"If evolution is real, why aren't we still evolving?" That's one of the main arguments against evolution that you might hear people sling around. Evolution is an extremely gradual process that's all but invisible to the casual observer, but if you know where to look, the evidence shows that it is still happening. We've seen it in the rise of antibiotic-resistant bacteria and in how generations of fish and lizards respond to changing environments. And now a genetic study has found evidence of natural selection at work in the genomes of over 200,000 people.
Evolution works through the basic principle of natural selection. Random mutations often emerge in an animal's genes, and if they turn out to help that individual survive longer, it'll be more likely to procreate and pass on its genes. Eventually, the most beneficial genes will rise to the top and spread throughout a population, while individuals carrying "bad" genes will slowly be weeded out.
Conducted by researchers at Columbia University, a new study analyzed the genomes of 60,000 US citizens of European ancestry, and 150,000 people in Britain. With a sample size of 210,000 people in total, the researchers were able to track how specific mutations rose and fell across generations, which genes impacted survival rates, and roughly which traits were becoming more or less common in the population. Since the UK database didn't have as many genomes from older people, the researchers approximated the results by taking into account the age of death of the participants' parents.
Out of all of the genetic mutations the researchers studied, two in particular stood out as linked to survival rates. Women carrying one or two copies of a gene called ApoE4, which has been associated with Alzheimer's, appear on average to die much younger than those without it, causing a drastic drop-off of the frequency of ApoE4 in women over the age of 70. Meanwhile, the frequency of a mutation in a gene called CHRNA3 (which is linked to heavy smoking) drops off around middle age in men.
The researchers were surprised to find only two mutations to be so directly linked to survival rates, leading them to conclude that perhaps natural selection had already taken care of similar variations.
"It may be that men who don't carry these harmful mutations can have more children, or that men and women who live longer can help with their grandchildren, improving their chance of survival," says Molly Przeworski, co-author of the study.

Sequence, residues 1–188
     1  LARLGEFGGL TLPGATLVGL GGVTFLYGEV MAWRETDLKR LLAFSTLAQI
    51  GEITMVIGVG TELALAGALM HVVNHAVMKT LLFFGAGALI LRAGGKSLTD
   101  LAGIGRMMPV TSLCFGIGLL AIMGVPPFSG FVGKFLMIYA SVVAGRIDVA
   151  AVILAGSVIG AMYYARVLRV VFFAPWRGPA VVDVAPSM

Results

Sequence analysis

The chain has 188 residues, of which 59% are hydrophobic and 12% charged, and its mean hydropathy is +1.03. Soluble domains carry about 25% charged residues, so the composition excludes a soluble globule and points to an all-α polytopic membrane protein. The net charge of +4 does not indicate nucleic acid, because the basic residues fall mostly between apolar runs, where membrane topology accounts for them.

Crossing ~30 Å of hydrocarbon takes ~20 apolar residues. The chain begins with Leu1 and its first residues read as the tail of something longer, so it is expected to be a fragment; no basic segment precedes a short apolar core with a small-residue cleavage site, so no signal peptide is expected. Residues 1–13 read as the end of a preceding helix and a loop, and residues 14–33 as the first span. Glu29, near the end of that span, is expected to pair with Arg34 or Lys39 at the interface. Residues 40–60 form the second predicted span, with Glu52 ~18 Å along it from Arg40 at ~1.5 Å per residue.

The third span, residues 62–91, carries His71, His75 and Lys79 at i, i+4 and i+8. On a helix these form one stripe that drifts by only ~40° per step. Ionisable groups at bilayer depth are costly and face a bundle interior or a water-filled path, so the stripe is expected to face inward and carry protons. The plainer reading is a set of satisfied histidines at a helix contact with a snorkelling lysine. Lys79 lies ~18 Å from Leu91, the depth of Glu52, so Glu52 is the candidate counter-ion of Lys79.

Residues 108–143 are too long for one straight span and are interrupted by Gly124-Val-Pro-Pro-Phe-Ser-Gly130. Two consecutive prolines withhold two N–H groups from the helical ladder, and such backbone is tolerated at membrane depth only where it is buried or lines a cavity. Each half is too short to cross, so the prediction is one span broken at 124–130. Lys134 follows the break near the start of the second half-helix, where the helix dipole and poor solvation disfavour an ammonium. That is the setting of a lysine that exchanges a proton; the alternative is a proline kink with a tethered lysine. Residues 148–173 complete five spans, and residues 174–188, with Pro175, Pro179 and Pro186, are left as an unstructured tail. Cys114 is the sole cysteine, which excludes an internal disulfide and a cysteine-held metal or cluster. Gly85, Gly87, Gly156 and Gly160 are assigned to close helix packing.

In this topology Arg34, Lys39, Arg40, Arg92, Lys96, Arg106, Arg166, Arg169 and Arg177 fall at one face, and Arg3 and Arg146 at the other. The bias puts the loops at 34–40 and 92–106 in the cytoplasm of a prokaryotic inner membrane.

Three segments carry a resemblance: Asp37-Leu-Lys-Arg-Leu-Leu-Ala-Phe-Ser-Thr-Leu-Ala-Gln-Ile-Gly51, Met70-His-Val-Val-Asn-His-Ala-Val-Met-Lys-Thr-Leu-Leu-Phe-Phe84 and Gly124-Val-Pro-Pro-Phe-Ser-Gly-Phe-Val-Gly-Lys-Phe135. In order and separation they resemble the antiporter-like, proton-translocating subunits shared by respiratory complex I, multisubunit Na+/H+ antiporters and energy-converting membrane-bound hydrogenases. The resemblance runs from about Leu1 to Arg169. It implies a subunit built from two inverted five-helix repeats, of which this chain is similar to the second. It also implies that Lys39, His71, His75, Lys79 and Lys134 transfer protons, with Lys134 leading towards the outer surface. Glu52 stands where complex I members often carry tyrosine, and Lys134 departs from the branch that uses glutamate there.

Measuring the evolution of specific physical traits is a tougher process, since dozens or hundreds of individual mutations can play a part in determining the likelihood of each trait. So the team collated sets of mutations that are linked to 42 chosen traits, such as height and body mass index (BMI), and then worked backwards to estimate a person's traits according to their genetics.
Using this method, the team found sets of traits that could be linked to longer or shorter lifespans. People predisposed to high cholesterol, high BMI, heart disease and, to a lesser extent, asthma, were more likely to die younger, while delayed onset of puberty seems to correlate with a longer life. The death rate was three to four percent lower for men and women who started puberty a year later than average, while for women, a one-year childbearing delay lowered that rate by six percent.
It may be fairly subtle, but the researchers point to the study as potential evidence of evolution hard at work in humans today. But environmental factors play a part too, and progress isn't always a straight line forward.
"The environment is constantly changing," says Hakhamenesh Mostafavi, lead author of the study. "A trait associated with a longer lifespan in one population today may no longer be helpful several generations from now or even in other modern day populations."
The research was published in the journal PLOS Biology.
Source: Columbia University
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